1. In a large bowl, cream butter and peanut butter until fluffy, about 2 minutes.
  2. With mixer on low, add in sugar, eggs and vanilla until well combined.
  3. In a separate bowl, whisk together flour, baking powder, baking soda and salt.
  4. Add flour mixture to peanut butter mixture and stir until combined. (I used the lowest setting of my stand mixer for this, but it can be done by hand)
  5. Place plastic wrap directly on top of the dough in the bowl and chill for 2 hours.
  6. Preheat oven to 375 degrees F.
  7. Roll dough out on a floured surface and cut into desired shapes, flouring your cookie cutter between cuts.
  8. Place cut out cookies onto a greased cookie sheet or on a sheet lined with a silpat or parchment.
  9. Bake about 8-10 minutes or until cookies are lightly browned and set. Time will vary widely based on your oven and the size of your cookies.
  10. Cool on cookie sheets for a few minutes until set, then transfer to a wire rack to finish cooling.
  11. Mix the confectioner's sugar with enough water or milk to create your preferred spreading consistency. I generally use water for this icing. Color, as desired, with food coloring.
  12. Melt the chocolate chips in the microwave at 15 second intervals, stirring at each interval until chocolate is smooth and glossy. I sometimes add 1/2 teaspoon or so of shortening to loosen it up a bit.
  13. Transfer the melted chocolate to a zippered plastic bag and cut the corner tip off, or use a piping bag.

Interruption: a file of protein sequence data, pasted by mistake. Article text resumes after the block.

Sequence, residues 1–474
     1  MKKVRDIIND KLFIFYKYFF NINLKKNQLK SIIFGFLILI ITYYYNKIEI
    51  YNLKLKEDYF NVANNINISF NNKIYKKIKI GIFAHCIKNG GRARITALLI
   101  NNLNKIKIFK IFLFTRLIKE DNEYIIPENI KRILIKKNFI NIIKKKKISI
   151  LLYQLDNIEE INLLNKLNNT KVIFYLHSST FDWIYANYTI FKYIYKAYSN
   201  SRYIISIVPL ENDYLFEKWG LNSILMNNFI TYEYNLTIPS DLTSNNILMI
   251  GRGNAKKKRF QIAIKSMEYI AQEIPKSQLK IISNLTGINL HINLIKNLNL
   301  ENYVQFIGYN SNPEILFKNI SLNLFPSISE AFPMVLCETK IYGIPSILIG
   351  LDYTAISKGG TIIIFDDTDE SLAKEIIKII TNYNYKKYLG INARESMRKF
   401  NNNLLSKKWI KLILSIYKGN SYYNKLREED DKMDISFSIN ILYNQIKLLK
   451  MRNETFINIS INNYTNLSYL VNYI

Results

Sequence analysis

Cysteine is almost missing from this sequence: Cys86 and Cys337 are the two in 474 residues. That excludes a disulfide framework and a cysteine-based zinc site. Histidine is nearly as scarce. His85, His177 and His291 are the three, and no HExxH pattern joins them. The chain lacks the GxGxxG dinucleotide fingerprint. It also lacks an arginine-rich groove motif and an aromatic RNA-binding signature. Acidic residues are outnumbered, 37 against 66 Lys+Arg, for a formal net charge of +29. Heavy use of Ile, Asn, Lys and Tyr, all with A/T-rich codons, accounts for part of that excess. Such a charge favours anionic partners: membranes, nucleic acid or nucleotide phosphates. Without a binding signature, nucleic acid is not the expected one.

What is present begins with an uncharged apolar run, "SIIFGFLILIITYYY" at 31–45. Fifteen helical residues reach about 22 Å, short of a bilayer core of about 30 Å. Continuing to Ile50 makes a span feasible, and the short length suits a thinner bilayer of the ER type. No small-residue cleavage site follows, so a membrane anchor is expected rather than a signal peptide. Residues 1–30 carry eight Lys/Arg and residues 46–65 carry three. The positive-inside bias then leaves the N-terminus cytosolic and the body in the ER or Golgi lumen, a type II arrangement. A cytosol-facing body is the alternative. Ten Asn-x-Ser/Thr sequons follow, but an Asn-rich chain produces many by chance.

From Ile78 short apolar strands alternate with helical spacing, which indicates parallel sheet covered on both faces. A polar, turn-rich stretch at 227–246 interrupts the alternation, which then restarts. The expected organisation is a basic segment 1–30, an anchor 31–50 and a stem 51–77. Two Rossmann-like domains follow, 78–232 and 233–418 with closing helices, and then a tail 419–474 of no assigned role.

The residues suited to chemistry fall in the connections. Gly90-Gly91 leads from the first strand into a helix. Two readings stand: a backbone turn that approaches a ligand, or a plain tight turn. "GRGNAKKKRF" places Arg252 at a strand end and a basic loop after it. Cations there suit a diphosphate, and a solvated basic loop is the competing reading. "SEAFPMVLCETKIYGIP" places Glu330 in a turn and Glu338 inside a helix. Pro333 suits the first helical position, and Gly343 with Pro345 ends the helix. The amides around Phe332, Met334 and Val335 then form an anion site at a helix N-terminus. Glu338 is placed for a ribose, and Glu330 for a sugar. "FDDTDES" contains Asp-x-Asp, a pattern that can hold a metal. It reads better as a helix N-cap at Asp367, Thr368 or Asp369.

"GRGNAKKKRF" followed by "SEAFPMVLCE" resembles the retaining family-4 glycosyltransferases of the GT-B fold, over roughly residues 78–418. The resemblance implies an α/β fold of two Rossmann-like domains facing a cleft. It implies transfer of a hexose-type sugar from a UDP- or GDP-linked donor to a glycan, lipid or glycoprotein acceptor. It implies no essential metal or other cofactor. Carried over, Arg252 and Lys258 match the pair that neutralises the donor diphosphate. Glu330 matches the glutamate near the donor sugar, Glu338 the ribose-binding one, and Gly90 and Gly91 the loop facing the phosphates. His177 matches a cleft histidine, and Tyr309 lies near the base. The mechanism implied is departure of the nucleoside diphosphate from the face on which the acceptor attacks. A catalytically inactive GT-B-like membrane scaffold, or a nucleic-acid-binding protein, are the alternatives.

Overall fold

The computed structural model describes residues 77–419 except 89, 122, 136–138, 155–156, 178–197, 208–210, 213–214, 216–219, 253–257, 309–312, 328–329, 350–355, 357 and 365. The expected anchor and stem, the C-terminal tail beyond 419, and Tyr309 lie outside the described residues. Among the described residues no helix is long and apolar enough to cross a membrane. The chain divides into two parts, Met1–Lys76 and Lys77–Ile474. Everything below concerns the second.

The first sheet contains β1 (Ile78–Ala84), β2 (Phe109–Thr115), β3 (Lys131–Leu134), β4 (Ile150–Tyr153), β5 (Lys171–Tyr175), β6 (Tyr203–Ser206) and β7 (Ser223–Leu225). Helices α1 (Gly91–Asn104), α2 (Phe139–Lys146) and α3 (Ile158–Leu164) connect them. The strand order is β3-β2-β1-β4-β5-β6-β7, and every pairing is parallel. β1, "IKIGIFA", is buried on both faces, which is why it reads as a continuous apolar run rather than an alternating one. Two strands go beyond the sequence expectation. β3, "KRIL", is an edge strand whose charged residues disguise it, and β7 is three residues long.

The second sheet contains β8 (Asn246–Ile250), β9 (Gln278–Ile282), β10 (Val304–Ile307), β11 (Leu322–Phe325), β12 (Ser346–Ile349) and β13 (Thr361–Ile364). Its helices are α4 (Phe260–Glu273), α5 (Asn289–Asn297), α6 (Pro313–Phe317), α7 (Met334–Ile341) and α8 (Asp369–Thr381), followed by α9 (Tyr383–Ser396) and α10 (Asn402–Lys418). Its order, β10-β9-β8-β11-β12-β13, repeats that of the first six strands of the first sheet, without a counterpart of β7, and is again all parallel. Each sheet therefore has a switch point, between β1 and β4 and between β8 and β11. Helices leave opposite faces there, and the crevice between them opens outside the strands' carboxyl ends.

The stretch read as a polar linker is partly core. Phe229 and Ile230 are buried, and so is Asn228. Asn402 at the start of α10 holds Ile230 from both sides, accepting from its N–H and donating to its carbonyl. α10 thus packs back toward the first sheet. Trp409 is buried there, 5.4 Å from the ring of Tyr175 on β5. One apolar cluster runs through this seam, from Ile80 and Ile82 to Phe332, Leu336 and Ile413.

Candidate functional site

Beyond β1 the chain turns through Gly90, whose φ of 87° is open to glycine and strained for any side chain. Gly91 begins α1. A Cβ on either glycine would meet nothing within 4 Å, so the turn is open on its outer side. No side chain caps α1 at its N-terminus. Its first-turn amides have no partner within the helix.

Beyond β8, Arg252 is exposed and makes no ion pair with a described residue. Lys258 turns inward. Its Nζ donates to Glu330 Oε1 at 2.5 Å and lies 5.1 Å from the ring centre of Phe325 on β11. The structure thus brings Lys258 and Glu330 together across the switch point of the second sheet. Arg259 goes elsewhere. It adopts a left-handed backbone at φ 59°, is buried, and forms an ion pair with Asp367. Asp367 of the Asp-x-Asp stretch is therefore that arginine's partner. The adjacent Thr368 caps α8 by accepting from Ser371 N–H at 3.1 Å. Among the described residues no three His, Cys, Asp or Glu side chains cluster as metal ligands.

14. Decorate cookies as desired.

Recipe Notes

*If you use salted butter, reduce salt to 1/2 tsp.

*My cookie cutters ranged from about 2 1/2" to 3 1/2". This recipe yielded about 45 of the smaller size and 13 of the larger size. If you use the coffee can lid, I would estimate you'd yield about 3 1/2 dozen cookies.

*Store cookies in an airtight container at room temperature. We've also frozen them, and while the decorations don't fare as well from a visual standpoint, the cookies still taste delicious.

*Update 7-17-16-There's a lot of flour in this recipe so please be careful to measure it correctly. Too much flour will result in a dry dough. I use the spoon and sweep method which leaves me with a cup of flour that weighs about 4.25 ounces. The spoon and sweep method starts with fluffing the flour to loosen it up. Then lightly spoon the flour into your measuring cup until it's overfull. Use a butter knife to scrape across the top to level the flour.

Adapted from The Plain Dealer, article by Mary Krohme

The Merchant Baker Copyright © 2014

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Millie

Wednesday 27th of May 2020

Well mine were crumbly. I didn’t know what to do so scratched the whole bowl.

Ramona

Wednesday 27th of May 2020

Hi Millie, I'm sure the problem was with the flour measurement. It's a large amount of flour, so if every cup is over measured you'll end up with way too much flour and therefore a dry crumbly dough. I have notes next to the flour measurement and in the notes section to make sure the measurement is taking correctly. If you have a scale, that's best, but read the notes about fluffing the flour to lighten it and then use the spoon and sweep method. Sorry it didn't work out for you.

Larissa

Thursday 21st of December 2017

I would love to try this recipe! How long do the cookies last? Wanted to make them in advance

Ramona

Thursday 21st of December 2017

Hi Larissa, you can bake and frost them and they'll be good for 3-5 days if stored at room temperature in an airtight container. Or, if you need to make them much farther in advance, you could bake them and freeze them before decorating. Then, ice/decorate them the day before you need them. (Be careful to measure your flour correctly. Too much flour will ruin the cookie!)